Each volume has three different manifestations. One is the readable text-as-book in real time. Another is the text as a folded object which evidences the text but makes it elusive, or rendered obsolete by virtue of its becoming a sculptural object. The third is the mummy-wrapped artifact-as-archived.

Coding by Gabriel Ferrin
First Edit: Bridget McGeehan

Exhibition: January 20-April 17, 2015
Rutgers Art Library, Voorhees Hall
71 Hamilton Street
New Brunswick, NJ 08901

Reception and Artists' Conversations: March 26, 2015
5 PM Reception/ 5:30 PM Conversations
Mabel Smith Douglass Library
8 Chapel Drive, New Brunswick, NJ 08901

Adrianne Wortzel



20. Julie Harrison, Joseph Nechvatal, FF Alumn, at Wekalet Behna, Alexandria, Egypt, thru March 2

Dear Friends,
A belated New Year to all and happy Blizzard!

I'm pleased to announce an exhibition of my work at Wekalet Behna in Alexandria, Egypt, a project of Gudran for Art and Development.

February 2 - March 2, 2015, opening reception February 2, 7:00-9:00 pm

If you are lucky enough to be Egypt, please stop by. Attached is a catalog with an essay by Joseph Nechvatal.

All best,

In The Politics of Aesthetics, Jacques Rancière stresses that both art and politics reconfigure what is possible to say at a given moment - a reconfiguration made possible by "undoing the formatting of reality produced by state-controlled media." [i]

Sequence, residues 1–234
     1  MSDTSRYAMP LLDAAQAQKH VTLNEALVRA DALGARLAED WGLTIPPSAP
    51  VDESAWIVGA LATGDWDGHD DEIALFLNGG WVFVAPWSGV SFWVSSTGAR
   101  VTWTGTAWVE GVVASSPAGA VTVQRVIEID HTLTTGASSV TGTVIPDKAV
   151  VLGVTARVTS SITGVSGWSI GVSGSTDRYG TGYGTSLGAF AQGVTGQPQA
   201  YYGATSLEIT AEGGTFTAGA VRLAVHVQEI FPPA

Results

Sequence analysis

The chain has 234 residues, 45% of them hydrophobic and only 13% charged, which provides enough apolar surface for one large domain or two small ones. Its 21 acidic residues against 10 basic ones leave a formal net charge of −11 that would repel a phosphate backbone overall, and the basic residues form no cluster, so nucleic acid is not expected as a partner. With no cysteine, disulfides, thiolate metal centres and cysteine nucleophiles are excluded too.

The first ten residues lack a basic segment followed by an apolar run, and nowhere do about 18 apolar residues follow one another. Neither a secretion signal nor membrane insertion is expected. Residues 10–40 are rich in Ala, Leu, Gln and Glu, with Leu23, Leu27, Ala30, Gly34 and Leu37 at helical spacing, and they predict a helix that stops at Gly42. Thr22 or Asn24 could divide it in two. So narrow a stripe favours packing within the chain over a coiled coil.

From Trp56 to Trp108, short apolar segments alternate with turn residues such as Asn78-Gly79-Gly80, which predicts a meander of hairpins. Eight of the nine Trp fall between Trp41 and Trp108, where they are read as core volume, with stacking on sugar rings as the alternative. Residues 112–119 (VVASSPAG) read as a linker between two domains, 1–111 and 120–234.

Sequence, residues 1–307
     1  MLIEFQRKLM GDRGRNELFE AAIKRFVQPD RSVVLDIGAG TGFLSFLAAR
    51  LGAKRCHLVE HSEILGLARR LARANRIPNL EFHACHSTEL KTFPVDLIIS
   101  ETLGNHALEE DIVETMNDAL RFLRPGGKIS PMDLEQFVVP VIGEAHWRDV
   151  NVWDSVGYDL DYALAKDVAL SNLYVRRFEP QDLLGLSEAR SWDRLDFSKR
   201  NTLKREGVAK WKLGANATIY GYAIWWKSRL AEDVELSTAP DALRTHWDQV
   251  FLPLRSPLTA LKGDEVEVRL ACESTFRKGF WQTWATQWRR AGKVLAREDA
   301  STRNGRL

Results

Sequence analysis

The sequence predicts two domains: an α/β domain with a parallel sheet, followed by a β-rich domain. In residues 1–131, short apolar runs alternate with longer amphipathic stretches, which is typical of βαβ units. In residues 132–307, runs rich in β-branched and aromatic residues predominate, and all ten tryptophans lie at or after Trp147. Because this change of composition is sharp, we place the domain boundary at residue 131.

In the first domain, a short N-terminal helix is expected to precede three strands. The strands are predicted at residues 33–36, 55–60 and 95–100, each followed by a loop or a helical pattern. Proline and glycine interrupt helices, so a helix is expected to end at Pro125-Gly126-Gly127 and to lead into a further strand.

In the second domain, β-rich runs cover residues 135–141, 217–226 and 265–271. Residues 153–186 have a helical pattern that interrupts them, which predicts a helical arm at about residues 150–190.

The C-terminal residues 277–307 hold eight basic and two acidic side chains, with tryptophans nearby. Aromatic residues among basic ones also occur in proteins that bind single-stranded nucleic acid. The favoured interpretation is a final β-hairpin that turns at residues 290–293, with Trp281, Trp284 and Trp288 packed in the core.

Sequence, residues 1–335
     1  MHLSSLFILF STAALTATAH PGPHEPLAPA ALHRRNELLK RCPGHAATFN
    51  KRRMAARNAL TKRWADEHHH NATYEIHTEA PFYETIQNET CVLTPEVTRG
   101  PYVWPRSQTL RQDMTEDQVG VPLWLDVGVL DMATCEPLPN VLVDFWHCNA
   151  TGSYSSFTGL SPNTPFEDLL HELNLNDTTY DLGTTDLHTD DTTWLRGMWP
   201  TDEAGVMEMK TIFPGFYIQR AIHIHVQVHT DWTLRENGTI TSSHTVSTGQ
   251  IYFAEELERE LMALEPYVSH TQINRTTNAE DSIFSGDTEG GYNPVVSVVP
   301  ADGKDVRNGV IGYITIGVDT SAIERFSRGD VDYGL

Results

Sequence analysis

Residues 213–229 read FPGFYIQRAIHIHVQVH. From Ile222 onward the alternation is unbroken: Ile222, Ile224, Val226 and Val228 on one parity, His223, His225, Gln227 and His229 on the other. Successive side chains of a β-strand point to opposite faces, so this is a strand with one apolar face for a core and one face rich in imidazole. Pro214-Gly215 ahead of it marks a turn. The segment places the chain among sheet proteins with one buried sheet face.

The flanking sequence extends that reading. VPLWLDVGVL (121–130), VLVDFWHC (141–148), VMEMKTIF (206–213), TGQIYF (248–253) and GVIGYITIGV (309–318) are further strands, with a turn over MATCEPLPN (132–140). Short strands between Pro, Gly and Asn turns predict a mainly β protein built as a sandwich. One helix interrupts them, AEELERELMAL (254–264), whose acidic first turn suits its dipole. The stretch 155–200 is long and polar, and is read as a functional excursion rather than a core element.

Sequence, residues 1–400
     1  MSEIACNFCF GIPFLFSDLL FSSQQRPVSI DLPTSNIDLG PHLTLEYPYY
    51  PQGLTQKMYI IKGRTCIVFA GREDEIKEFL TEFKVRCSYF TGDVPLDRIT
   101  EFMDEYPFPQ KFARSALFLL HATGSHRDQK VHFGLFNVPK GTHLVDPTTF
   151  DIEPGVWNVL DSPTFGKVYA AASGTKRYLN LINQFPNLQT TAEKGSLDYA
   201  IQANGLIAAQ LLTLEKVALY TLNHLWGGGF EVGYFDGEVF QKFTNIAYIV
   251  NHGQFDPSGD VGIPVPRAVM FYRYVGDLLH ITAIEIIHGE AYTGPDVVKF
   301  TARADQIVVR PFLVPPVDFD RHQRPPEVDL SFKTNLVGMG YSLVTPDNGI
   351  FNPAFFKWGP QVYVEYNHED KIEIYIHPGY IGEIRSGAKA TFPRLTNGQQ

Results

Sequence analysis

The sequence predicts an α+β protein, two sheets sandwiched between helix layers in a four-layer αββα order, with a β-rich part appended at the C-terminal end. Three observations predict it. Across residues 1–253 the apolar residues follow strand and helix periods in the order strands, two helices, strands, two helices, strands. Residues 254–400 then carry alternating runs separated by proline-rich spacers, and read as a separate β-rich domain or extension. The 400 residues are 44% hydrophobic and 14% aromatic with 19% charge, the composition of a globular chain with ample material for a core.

In the current political world it is painfully obvious that we need such strength of mind to hbyeal our intelligence. We need an art that demands a mental mood of interrogation and investigation that would support such a need. Happily, the poetic visual fragmentation (laced in language) one finds in Julie Harrison's work does that. Her paired images offer us a ground of aesthetic pleasure brought about through non-identification with identity (and/or condition), even while she stresses a refusal of containment/confinement of language. Her work is possibly emancipatory in its suggestive transformation of news media. In other words, she believes in the powers of imagination as an aid to liberational politics.